What next for the £20 lifeline?

At this time, it is unclear whether the £20 uplift will be extended beyond September. With the vaccine roll out proving successful so far and infection rates dropping it is hard to gauge what will happen when lockdown ends and how quickly people can get back to work. It is difficult to predict how swiftly the economy can bounce back and if we will see a rise in redundancies again as the furlough or job retention scheme winds down similarly to what we witnessed last year as the rates the government paid to businesses were gradually reduced.

The chair of the All-Party Parliamentary Group on poverty, Kevin Hollinrake, recently recommended that “There is a compelling case for making the uplift permanent.” The Trussell Trust found that before the pandemic struck 70% of Universal Credit claimants had experienced debt during the 5 weeks wait for the initial payment of the benefit. They also found out from their survey that only 8% of respondents said their full Universal Credit payment covered their cost of living and only 5% of people who said they were disabled or had ill-health said their full Universal Credit payment covered their cost of living.

The Government has expressed on multiple occasions that the uplift is ‘temporary’ and impossible to sustain.  We say families livelihoods will be impossible to sustain without it.

Let’s hope social responsibility takes hold before the Autumn.

6 things employers need to think about before making staff redundant

6 things employers need to think about before making staff redundant

6 things employers need to think about before making staff redundant


The BBC news report yesterday that Citizens Advice is now receiving calls seeking redundancy advice once every two minutes is staggering.

We talked to Society Matters’ employment and discrimination specialist Richard Owen, who has over 40 years’ experience of advising and tribunal representation in employment and discrimination cases, to get his thoughts on what employers need to be thinking about if they are considering making staff redundant, particularly when people are returning from furlough.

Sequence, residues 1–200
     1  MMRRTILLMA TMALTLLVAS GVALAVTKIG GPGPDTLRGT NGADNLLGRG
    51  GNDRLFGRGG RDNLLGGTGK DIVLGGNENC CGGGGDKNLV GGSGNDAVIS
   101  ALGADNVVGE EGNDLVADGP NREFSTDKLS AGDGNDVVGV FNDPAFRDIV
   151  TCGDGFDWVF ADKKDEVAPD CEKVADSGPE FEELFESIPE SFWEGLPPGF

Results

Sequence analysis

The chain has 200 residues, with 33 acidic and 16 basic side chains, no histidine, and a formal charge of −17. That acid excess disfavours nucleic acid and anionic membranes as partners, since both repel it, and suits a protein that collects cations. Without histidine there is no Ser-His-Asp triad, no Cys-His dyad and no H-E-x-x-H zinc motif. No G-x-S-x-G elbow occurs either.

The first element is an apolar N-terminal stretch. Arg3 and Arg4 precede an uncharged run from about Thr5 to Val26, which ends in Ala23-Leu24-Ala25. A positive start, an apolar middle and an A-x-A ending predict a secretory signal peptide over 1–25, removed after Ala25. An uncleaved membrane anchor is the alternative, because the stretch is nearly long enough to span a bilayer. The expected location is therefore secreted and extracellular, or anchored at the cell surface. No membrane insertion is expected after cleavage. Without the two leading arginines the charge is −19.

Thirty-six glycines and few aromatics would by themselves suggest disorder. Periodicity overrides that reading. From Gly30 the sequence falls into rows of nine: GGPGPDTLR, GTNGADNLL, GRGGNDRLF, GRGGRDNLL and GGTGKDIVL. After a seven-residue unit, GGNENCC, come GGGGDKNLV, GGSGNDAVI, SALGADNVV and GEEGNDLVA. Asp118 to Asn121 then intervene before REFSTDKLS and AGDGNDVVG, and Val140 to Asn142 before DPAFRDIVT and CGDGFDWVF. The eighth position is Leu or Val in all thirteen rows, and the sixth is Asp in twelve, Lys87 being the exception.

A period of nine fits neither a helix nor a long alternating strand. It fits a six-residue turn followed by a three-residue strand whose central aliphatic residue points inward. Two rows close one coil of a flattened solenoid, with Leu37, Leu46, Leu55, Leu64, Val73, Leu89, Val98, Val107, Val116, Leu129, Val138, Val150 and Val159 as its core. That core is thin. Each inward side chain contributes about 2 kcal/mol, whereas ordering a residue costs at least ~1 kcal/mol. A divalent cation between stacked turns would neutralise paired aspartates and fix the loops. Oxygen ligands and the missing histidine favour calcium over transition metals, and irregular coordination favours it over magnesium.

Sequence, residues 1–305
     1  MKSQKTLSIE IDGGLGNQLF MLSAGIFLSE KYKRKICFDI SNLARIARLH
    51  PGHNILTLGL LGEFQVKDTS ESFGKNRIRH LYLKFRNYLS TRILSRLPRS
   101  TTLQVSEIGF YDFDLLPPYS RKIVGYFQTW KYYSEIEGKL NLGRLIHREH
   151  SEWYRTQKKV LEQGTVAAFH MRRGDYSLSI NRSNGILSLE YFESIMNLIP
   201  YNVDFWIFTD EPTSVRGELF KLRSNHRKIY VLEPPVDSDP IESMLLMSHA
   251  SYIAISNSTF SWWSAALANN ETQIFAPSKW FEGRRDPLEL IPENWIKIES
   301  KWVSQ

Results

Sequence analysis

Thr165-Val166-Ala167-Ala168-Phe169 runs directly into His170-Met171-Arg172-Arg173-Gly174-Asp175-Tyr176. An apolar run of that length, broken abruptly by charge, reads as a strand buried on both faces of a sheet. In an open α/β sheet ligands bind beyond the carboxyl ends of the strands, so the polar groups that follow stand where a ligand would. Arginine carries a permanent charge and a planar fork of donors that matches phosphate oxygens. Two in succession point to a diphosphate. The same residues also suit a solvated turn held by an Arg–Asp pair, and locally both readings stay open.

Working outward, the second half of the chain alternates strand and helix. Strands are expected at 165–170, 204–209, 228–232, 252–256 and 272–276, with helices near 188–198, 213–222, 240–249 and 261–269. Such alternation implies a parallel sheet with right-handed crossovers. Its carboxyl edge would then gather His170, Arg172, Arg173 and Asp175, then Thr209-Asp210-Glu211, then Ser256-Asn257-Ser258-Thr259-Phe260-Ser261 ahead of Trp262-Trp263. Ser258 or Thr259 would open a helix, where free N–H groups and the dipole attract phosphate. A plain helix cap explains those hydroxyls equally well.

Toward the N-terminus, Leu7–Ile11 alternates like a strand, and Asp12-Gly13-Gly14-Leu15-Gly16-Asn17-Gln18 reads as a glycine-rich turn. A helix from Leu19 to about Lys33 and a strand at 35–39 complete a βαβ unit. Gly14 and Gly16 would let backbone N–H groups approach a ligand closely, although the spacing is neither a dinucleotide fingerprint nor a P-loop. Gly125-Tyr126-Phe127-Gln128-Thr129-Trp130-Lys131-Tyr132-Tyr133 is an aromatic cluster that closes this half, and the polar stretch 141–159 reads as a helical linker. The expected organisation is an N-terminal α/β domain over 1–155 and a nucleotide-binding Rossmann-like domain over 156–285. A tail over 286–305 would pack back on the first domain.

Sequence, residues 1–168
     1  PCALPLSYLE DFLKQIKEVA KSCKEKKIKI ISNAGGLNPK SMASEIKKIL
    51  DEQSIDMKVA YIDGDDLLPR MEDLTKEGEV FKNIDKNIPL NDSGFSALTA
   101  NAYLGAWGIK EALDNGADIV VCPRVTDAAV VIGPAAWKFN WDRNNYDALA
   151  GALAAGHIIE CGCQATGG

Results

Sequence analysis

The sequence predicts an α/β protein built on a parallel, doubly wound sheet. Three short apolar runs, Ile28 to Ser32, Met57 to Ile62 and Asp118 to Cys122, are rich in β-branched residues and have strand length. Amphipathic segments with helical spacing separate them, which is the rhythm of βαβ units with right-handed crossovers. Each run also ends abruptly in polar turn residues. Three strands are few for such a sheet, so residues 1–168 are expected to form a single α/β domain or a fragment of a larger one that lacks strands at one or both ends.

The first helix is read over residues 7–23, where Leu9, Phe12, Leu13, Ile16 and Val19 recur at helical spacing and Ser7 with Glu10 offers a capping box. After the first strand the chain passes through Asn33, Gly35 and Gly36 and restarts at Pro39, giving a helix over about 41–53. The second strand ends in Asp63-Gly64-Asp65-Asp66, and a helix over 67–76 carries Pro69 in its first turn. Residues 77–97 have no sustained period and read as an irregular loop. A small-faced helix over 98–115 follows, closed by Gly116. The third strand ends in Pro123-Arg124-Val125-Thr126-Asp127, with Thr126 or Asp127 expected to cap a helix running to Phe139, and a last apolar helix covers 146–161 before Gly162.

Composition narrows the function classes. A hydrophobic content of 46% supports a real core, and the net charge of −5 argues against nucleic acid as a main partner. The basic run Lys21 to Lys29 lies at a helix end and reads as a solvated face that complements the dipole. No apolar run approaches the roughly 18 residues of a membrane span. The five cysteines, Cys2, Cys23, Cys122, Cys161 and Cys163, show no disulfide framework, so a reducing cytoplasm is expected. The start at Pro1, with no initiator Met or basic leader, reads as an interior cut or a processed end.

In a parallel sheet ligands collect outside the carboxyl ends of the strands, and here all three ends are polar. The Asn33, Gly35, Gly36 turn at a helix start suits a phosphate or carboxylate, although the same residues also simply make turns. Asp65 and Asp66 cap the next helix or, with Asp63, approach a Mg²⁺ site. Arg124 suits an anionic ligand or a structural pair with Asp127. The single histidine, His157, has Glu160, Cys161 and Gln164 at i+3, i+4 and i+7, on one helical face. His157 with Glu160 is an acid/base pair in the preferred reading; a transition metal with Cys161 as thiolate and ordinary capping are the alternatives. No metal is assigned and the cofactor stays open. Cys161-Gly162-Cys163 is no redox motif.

Here are the top 6 pieces of advice Richard would offer to employers to ensure they don’t fall foul of their legal responsibilities to their staff during these difficult times:


1. Plan ahead

It is now essential that employers start to plan ahead. Make sure you have a clear business strategy including processes, paperwork, timetables and the right people in place to manage the redundancies. To give you a hand if you need it, Society Matters’ employment law team has prepared a checklist of things employers need to think about before making redundancies. Click here to request a copy now.

2. Think about your core business functions first

It really is advisable to decide from the outset which employees and/or roles are essential for the continuation of the core business function, including possible merging of roles, restructuring of departments and teams. Carefully consider any options for changing the operation of the business to minimise redundancies (such as homeworking, flexible hours, reduced hours, alternate or rotating shift patterns). Also consider asking for voluntary redundancies – this might help you to reduce your staff numbers to acceptable levels (although you may also risk losing people from core roles, so make sure you have your criteria set out first before you go for this option).

3. Prepare your selection criteria carefully

The pool of employees to be placed at risk, and the selection and scoring criteria to be used to make your ultimate decisions, need be prepared very carefully, ensuring that the criteria are then applied fairly and consistently. You’re at liberty to choose your own criteria which should be fair and if possible objective and measurable – such as length of service, disciplinary record, absence record, skills and competencies, standards of performance, qualifications, flexibility. Just be fully prepared, for each criteria you use, to justify the scoring of employees against these criteria if challenged (that’s why you need to be as objective as you can). It can be very risky to base a score solely on someone’s verbal personal opinion.

4. Follow the legal process